Most of my photos are made in zoos, wildlife reserves or sanctuaries, were I have access to a wide variety of animals. I think that the classic concept of the zoo is now anachronistic and outdated. Originally their function was entertainment for commercial purposes, but today zoos are the last hope of survival for many species. That is why I prefer to call them "preservation centres", because their role has changed radically. It is often thought that animals should be released. Unfortunately, for many of them their natural habitat no longer exists, or their release would mean their condemnation.  Zoos as such will disappear and be replaced by these preservation centres, with a very different philosophy. It will be essential that a strict control is carried out on how to preserve these species and on the justification of keeping in captivity those that require it. Centres that do not meet these criteria should be closed.

Initially I wanted to work with the animals directly in a photographic studio, but logistically it was very difficult, if not impossible, to get a large  or dangerous animal into a studio.

So I chose to make the portraits from a feasible (and safe) position and recreate the studio in the edition phase.  I started experimenting, and I realized that in the end the result was better, because the animal behaved naturally when not forced to be in a studio. Studio work often frightens or stresses the animal, and the result is a portrait of a harassed creature.  So what was initially a constraint ended up becoming an advantage. The animal is often unaware that he's being photographed, or if it is, eye contact is made, but each one from his  own safe space. And I often try to get that eye contact, because that is where your consciousness is best perceived and a fascinating interaction develops. I then came to the conclusion that it is not worth forcing the animal to pose in a photographic studio just to get a dark background. If this can be done in post-production, there is no need to disturb it.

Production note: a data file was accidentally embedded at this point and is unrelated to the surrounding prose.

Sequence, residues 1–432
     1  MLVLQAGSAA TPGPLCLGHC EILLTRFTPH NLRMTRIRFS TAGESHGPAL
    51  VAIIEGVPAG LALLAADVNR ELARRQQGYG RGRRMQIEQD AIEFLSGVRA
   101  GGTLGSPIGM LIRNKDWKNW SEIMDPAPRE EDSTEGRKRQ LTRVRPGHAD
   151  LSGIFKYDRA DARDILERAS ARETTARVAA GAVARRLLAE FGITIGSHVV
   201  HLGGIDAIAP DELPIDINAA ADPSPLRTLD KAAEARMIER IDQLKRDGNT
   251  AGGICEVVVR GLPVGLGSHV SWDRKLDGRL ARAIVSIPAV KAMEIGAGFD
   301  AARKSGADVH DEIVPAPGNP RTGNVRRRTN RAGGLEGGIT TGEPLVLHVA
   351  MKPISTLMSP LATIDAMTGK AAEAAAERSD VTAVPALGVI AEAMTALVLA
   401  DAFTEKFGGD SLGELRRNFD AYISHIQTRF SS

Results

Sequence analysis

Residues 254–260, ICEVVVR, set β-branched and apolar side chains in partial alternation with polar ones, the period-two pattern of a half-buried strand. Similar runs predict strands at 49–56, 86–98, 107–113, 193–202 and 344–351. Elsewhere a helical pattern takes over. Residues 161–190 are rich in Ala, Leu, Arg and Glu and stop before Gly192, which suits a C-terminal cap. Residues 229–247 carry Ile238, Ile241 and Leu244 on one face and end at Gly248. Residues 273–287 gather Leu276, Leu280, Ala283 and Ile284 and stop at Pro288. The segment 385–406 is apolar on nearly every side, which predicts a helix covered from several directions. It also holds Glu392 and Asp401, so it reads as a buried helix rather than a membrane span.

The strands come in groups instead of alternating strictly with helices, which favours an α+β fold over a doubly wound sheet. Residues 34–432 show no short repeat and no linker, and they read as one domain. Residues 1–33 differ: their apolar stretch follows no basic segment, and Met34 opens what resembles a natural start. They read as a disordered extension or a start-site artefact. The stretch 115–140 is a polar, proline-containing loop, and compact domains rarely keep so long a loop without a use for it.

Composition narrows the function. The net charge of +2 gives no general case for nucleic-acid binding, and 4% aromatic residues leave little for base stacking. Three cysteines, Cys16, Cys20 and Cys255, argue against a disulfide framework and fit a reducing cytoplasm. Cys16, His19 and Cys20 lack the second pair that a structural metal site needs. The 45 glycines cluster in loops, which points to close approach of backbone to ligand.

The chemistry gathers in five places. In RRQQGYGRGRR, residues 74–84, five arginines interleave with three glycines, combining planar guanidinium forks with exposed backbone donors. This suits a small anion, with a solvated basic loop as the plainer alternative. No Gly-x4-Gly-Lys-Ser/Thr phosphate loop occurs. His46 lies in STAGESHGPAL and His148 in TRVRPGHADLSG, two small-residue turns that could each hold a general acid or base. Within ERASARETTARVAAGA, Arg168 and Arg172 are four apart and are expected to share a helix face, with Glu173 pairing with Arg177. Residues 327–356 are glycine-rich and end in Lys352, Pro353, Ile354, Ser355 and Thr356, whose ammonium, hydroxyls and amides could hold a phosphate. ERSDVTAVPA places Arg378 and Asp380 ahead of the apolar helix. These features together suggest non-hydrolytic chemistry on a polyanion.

“Son of the Night”

What gear do you use (camera, lenses, bag)?
My usual equipment is simple: a Canon 5D MIII camera and a Canon 70-300mm telephoto lens with a mono-pod.

What is your most important advice to a beginner in Nature Photography & animal portraits and how do you get started?
I think the fact that I started doing analogue photography was a good exercise, because the limitation of the number of photos in the film forced me to think well before shooting. Similarly, the fact of not being able to see the result immediately forced me to know the camera well and how it operated. On the other hand, the darkroom laboratory taught me to develop and seek the desired result. Overall, the scarcity of materials was a discipline that taught to be meticulous before and after the photo shoot.

It is also very useful to have knowledge of drawing, as this way you can work volumes, lights and shadows to achieve the desired result without having to resort to the method of trial and error. In this sense, I personally loved to look closely (and still do) at the paintings of the great chiaroscuro masters to learn from them. Especially,  Rembrandt and Caravaggio.  I try to take inspiration from that wonderful mastery of the light and shadows of the great masters of 16th century paintings and the so-called "tenebrismo" with Spanish masters like Jose de Ribera, which exaggerates this contrast between lights and shadows creating an atmosphere that is sometimes disturbing.


“Not so different after all”


"A Streetcar Named Desire”

Are there any specific directions that you would like to take your photography in the future or any specific goals that you wish to achieve?
Visit Antarctica!

Describe your favourite photograph taken by you and why it is special to you?
This photo -  Mass Hysteria - has special meaning for me, since it was one of my first prizes, in the Sony WPA 2016 and later it was published by the National Geographic magazine in France in October 2016, when this well-known magazine named me photographer of the month.


“Mass Hysteria”

This other photo - Ebony & Ivory - has also been of special significance, because it won the 1X "People Choice" award in the 2016 contest and also a first place in the prestigious nature photography contest "Oasis" in Italy.


“Ebony & Ivory”

Is there anything else you wish to add  and what do you think about 1X as a home base for your work?
I like the concept of 1X curated photography. This provides a level of quality that other photo webs lack and forces us photographers to try to keep a good level.

Finally, I believe that the moral duty of a nature photographer today is to awaken collective consciousness about the fragility of the world and to show that we are not the owners of the earth and that we are not the only living beings with a conscience.


“Agnus Dei”


“Winter is coming”


“Big mouth”


“The Sect”


“Surprise !!!”

Check out more of Pedro Jarque's impressive work
on his website:
on his 1x portfolio: